Could Cellphone, Microwave Radiation During Pregnancy Raise ADHD Risk?
TUESDAY, March 24, 2020 (HealthDay News) -- Pregnant women exposed to high levels of radiation from cellphones, microwaves and Wi-Fi may be increasing their baby's risk for attention deficit hyperactivity disorder (ADHD), a new study suggests.
Called MF (magnetic fields) nonionizing radiation, these waves are in the air all around people. They also come from cellphone towers, high-tension electrical wires, electric appliances, wireless devices and Bluetooth signals. Exposure to MF nonionizing radiation has already been linked to cancer risk and other medical conditions in some previous studies.
"Pregnant women who are concerned about MF impact on the health of their fetuses and offspring should reduce MF exposure during pregnancy as much as they can," said lead researcher Dr. De-Kun Li, a senior research scientist at Kaiser Foundation Research Institute in Oakland, Calif.
"In this case, remember 'distance is your friend,' keeping distance from the MF-generating sources," he said.
But one expert said the findings are far from definitive.
Li's team found that children of mothers who were exposed to high levels of MF during pregnancy had more than twice the risk of ADHD, compared with children whose mothers were exposed to lower MF levels during pregnancy. The association was stronger for more severe ADHD cases and for those with other immune problems such as asthma and atopic dermatitis, the researchers found.
For the study, researchers monitored MF exposure in two groups, one from October 1996 to October 1998, and the other from May 2006 to February 2012. In all, nearly 1,500 mothers and children were included. The children were followed from May 1997 to December 2017.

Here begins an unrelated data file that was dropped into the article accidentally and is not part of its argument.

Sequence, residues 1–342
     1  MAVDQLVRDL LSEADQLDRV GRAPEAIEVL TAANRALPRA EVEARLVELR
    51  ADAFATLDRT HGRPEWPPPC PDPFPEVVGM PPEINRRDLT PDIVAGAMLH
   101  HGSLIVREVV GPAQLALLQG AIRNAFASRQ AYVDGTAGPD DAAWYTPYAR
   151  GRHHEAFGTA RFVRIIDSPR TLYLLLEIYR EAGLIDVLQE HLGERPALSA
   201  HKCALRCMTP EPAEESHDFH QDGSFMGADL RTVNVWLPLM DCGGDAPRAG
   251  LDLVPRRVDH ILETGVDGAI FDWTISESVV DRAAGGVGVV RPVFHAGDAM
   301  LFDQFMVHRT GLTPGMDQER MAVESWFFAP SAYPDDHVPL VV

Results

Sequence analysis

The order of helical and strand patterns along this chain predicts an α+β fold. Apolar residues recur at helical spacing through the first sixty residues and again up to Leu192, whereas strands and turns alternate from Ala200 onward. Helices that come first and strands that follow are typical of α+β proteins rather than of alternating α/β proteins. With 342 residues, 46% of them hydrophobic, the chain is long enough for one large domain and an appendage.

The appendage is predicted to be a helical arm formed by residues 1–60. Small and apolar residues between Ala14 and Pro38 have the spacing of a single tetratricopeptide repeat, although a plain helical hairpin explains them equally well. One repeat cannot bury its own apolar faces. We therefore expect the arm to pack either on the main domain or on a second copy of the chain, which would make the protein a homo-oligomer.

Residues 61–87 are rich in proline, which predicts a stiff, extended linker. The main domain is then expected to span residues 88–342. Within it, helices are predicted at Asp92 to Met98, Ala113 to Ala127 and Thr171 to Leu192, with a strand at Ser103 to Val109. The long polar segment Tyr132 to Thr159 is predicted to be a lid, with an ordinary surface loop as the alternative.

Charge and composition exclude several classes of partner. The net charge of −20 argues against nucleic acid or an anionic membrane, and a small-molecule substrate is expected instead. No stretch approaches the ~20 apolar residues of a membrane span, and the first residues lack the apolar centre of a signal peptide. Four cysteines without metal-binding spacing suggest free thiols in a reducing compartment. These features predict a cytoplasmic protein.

"We actually measured MF levels with a measuring device during pregnancy, rather than guessing, like in all the previous studies," Li explained. "Thus, our MF exposure was more accurately measured."
The amount of radiation that is dangerous starts at 1.3 milligrays. But because most people can't judge their exposure, Li suggests knowing the source of MF is more important, so you can keep your distance.
"This finding is significant because MF exposure has been shown in many previous studies to have a biological effect on the immune system," Li said. "Thus, the finding that MF exposure specifically increases the risk of immune-related ADHD provides additional evidence that the association is likely genuine."
The report was published online March 24 in the journal JAMA Network Open.
Given that everyone is exposed to MF nonionizing radiation to varying degrees and the exposure intensity is likely to increase with constant additions of MF-generating devices, the potential health impact shouldn't be dismissed, Li said.
"The ever-increasing MF exposure during the last several decades may well contribute to the increases in several diseases -- ADHD, autism and colon cancer in young adults, for which we have no clues why they are increasing," he said.
But Dr. Saima Aftab, medical director of the Fetal Care Center at Nicklaus Children's Hospital in Miami, said the study raises more questions than it answers.
MF may affect the developing brain of the fetus as can diet and other environmental exposures, she said. But a lot more needs to be known before MF is proven to cause ADHD.
Aftab is also concerned that these data may panic pregnant women unnecessarily.
"Just giving women information that this could cause ADHD, and raising the alarm without any good solutions or strong reasons to say that we know for a fact that this is cause and effect isn't wise," she said.
"You have to be very careful in terms of the degree of concern we raise, because practically it will be very hard for mothers to live a life and figure out how to measure MF, and live a life without those tools that are useful and can be lifesaving. This is for the scientists to continue to figure out," Aftab said.
For more on MF nonionizing radiation, head to the World Health Organization.
SOURCES: De-Kun Li, M.D., Ph.D., senior research scientist, Kaiser Foundation Research Institute, Kaiser Permanente, Oakland, Calif.; Saima Aftab, M.D., medical director, Fetal Care Center, Nicklaus Children's Hospital, Miami; March 24, 2020, JAMA Network Open, online